The tooth, the tooth and nothing but the tooth.
One minute, I’m chowing down on a chopped salad at Subway and the next minute I’m wandering through a crowded parking lot with my eyes bugging out of my head.
I had to keep moving or I’d drop to my knees. Like a zombie from “The Walking Dead,” I circled my car until my toothache subsided enough for me to drive.
“What the heck happened?” I would ask my dentist, Mike Howenstein, later. “There were no nuts in the salad. No croutons. Nothing dangerous.”
“Oh, lettuce can be very dangerous,” he said.
He then informed me I had bruised my tooth.
Over the years, I’ve bruised my knees. I’ve even bruised my ego. But a bruised tooth? This was a new one.
“It has to do with the way you move your teeth when you mash the lettuce,” Dr. Mike explained.
The good news? I wouldn’t need a root canal. The bad news? My injury sounded goofy.
“I’m never eating vegetables again,” I told my dentist. “This wouldn’t have happened if I’d been eating chocolate.”
He laughed and told me to chew on the other side for a while. He reminded me to wear my night guard. He did not warn me that chocolate can be dangerous.
But one week later, I was back in his office. This time, with a chocolate-related injury.
Yep, you heard right. A chocolate-related injury. The love of my life, dark chocolate, had forsaken me and broken my canine tooth.
“A friend told me to freeze those little Dove bar pieces,” I told Dr. Mike. “She said if I froze them, I would eat them slower and savor them.”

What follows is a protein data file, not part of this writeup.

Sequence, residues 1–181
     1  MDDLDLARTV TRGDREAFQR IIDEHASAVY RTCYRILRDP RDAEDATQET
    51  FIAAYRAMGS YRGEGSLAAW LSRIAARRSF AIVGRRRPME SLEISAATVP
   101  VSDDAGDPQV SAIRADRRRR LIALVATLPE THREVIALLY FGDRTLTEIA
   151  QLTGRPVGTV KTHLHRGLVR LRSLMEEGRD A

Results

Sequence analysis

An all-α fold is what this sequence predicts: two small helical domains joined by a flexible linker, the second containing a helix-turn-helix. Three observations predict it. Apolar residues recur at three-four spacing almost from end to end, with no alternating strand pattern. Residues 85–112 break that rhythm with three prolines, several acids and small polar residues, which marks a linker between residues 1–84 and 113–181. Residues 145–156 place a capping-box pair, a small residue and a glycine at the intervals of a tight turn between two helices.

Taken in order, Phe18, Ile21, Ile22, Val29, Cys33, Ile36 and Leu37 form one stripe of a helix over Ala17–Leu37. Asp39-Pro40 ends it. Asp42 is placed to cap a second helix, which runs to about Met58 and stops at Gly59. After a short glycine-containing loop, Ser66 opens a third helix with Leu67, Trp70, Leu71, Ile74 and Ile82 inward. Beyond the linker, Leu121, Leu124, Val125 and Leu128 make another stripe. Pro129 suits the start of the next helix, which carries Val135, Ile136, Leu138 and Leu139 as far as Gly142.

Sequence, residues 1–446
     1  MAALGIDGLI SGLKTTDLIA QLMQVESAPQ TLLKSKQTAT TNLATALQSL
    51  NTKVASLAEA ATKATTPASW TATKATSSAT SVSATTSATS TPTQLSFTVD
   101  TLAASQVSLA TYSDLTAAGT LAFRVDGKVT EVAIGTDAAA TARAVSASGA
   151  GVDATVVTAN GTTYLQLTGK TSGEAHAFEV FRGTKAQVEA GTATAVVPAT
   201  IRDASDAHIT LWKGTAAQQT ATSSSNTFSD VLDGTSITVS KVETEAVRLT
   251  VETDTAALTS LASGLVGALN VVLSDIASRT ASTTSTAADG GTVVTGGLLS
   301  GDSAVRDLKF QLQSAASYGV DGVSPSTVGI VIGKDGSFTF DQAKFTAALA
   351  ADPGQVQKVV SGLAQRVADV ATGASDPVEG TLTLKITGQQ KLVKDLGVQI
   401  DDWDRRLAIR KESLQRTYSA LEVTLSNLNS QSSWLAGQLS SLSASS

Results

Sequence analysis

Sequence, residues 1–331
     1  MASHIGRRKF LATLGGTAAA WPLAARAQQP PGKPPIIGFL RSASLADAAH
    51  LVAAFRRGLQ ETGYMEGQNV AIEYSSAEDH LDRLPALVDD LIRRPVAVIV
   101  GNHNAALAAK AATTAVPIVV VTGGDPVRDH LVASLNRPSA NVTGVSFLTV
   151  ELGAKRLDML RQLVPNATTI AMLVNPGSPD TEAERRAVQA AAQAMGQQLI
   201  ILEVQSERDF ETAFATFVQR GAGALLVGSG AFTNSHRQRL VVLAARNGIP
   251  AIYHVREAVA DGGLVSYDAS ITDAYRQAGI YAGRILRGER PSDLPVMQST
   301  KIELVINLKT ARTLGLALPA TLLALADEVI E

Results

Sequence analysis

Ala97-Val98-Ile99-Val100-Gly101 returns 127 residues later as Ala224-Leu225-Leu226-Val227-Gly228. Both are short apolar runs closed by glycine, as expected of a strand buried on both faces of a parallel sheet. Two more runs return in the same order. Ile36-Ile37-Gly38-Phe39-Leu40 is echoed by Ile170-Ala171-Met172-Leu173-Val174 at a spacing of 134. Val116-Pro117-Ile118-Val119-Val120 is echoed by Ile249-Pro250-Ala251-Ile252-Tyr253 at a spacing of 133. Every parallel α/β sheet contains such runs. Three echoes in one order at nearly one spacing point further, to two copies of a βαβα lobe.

One piece a night. That was the plan.
I was on my fourth piece in a row when it happened. I bit down on Dove and my canine tooth bit the dust.
“Frozen chocolate can be very dangerous,” Dr. Mike said. “I’ve broken my own tooth on a frozen Snickers bar. The only time I eat those darned things is when I’m on vacation. But man, I can’t get enough of them.”
That’s what I like about my dentist. The man knows how to live. He also doesn’t judge me. He just fixes me up and sends me on my way.
I’ve heard of women falling in love with their plumbers, their auto mechanics and even their pool boys. But I have a special relationship with my dentist. Not in a romantic way, in a tooth fixing way. Let’s face it, if it weren’t for Dr. Mike, I’d look like Ma Kettle. Half the teeth in my mouth would be missing and the other half would be throbbing with pain.
“Stay away from the frozen chocolate,” warned Dr. Mike, as I got ready to leave his office. “And don’t forget to wear that night guard.”
“See you soon!” I said.
And I meant it. We’re having salad for dinner tonight.